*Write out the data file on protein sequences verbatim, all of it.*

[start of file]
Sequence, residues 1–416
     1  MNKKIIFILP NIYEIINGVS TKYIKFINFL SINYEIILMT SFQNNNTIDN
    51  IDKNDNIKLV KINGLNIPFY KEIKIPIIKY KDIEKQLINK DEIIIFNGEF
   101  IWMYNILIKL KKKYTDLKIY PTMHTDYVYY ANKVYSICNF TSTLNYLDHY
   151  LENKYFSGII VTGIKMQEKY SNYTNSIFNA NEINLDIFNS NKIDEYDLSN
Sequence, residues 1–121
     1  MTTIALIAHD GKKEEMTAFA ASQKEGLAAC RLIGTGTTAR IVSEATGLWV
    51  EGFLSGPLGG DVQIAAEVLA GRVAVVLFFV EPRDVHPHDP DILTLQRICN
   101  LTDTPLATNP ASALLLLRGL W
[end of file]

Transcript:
Sequence, residues 1–416
     1  MNKKIIFILP NIYEIINGVS TKYIKFINFL SINYEIILMT SFQNNNTIDN
    51  IDKNDNIKLV KINGLNIPFY KEIKIPIIKY KDIEKQLINK DEIIIFNGEF
   101  IWMYNILIKL KKKYTDLKIY PTMHTDYVYY ANKVYSICNF TSTLNYLDHY
   151  LENKYFSGII VTGIKMQEKY SNYTNSIFNA NEINLDIFNS NKIDEYDLSN
Sequence, residues 1–121
     1  MTTIALIAHD GKKEEMTAFA ASQKEGLAAC RLIGTGTTAR IVSEATGLWV
    51  EGFLSGPLGG DVQIAAEVLA GRVAVVLFFV EPRDVHPHDP DILTLQRICN
   101  LTDTPLATNP ASALLLLRGL W